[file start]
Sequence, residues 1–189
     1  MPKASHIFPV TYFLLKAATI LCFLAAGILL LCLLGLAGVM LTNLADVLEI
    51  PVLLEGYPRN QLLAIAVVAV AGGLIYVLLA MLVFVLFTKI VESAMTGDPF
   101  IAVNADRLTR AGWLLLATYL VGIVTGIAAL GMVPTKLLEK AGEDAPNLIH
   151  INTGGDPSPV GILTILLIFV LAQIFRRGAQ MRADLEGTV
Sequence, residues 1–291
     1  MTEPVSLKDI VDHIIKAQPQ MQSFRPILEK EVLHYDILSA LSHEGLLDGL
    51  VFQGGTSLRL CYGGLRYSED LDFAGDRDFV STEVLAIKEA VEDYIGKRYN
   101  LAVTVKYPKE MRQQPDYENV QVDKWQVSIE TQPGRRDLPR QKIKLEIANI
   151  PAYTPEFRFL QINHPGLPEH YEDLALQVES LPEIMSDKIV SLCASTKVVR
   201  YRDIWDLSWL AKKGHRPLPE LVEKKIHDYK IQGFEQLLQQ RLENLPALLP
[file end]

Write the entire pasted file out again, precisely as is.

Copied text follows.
Sequence, residues 1–189
     1  MPKASHIFPV TYFLLKAATI LCFLAAGILL LCLLGLAGVM LTNLADVLEI
    51  PVLLEGYPRN QLLAIAVVAV AGGLIYVLLA MLVFVLFTKI VESAMTGDPF
   101  IAVNADRLTR AGWLLLATYL VGIVTGIAAL GMVPTKLLEK AGEDAPNLIH
   151  INTGGDPSPV GILTILLIFV LAQIFRRGAQ MRADLEGTV
Sequence, residues 1–291
     1  MTEPVSLKDI VDHIIKAQPQ MQSFRPILEK EVLHYDILSA LSHEGLLDGL
    51  VFQGGTSLRL CYGGLRYSED LDFAGDRDFV STEVLAIKEA VEDYIGKRYN
   101  LAVTVKYPKE MRQQPDYENV QVDKWQVSIE TQPGRRDLPR QKIKLEIANI
   151  PAYTPEFRFL QINHPGLPEH YEDLALQVES LPEIMSDKIV SLCASTKVVR
   201  YRDIWDLSWL AKKGHRPLPE LVEKKIHDYK IQGFEQLLQQ RLENLPALLP